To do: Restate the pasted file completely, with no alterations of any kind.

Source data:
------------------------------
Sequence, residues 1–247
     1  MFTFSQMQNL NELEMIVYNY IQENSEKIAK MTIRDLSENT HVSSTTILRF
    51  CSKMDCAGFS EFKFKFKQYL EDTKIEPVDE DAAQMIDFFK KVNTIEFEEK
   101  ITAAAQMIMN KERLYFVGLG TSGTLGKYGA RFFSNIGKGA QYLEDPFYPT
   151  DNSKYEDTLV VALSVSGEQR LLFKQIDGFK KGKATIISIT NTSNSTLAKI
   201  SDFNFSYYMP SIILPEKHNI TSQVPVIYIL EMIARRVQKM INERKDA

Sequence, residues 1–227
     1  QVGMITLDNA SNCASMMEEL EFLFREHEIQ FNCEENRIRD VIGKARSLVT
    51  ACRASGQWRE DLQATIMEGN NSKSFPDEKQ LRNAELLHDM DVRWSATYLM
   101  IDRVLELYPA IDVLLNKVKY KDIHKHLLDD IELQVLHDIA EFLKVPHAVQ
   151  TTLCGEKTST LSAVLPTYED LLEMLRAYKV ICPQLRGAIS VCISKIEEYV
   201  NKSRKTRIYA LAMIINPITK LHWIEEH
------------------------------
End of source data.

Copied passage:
Sequence, residues 1–247
     1  MFTFSQMQNL NELEMIVYNY IQENSEKIAK MTIRDLSENT HVSSTTILRF
    51  CSKMDCAGFS EFKFKFKQYL EDTKIEPVDE DAAQMIDFFK KVNTIEFEEK
   101  ITAAAQMIMN KERLYFVGLG TSGTLGKYGA RFFSNIGKGA QYLEDPFYPT
   151  DNSKYEDTLV VALSVSGEQR LLFKQIDGFK KGKATIISIT NTSNSTLAKI
   201  SDFNFSYYMP SIILPEKHNI TSQVPVIYIL EMIARRVQKM INERKDA

Sequence, residues 1–227
     1  QVGMITLDNA SNCASMMEEL EFLFREHEIQ FNCEENRIRD VIGKARSLVT
    51  ACRASGQWRE DLQATIMEGN NSKSFPDEKQ LRNAELLHDM DVRWSATYLM
   101  IDRVLELYPA IDVLLNKVKY KDIHKHLLDD IELQVLHDIA EFLKVPHAVQ
   151  TTLCGEKTST LSAVLPTYED LLEMLRAYKV ICPQLRGAIS VCISKIEEYV
   201  NKSRKTRIYA LAMIINPITK LHWIEEH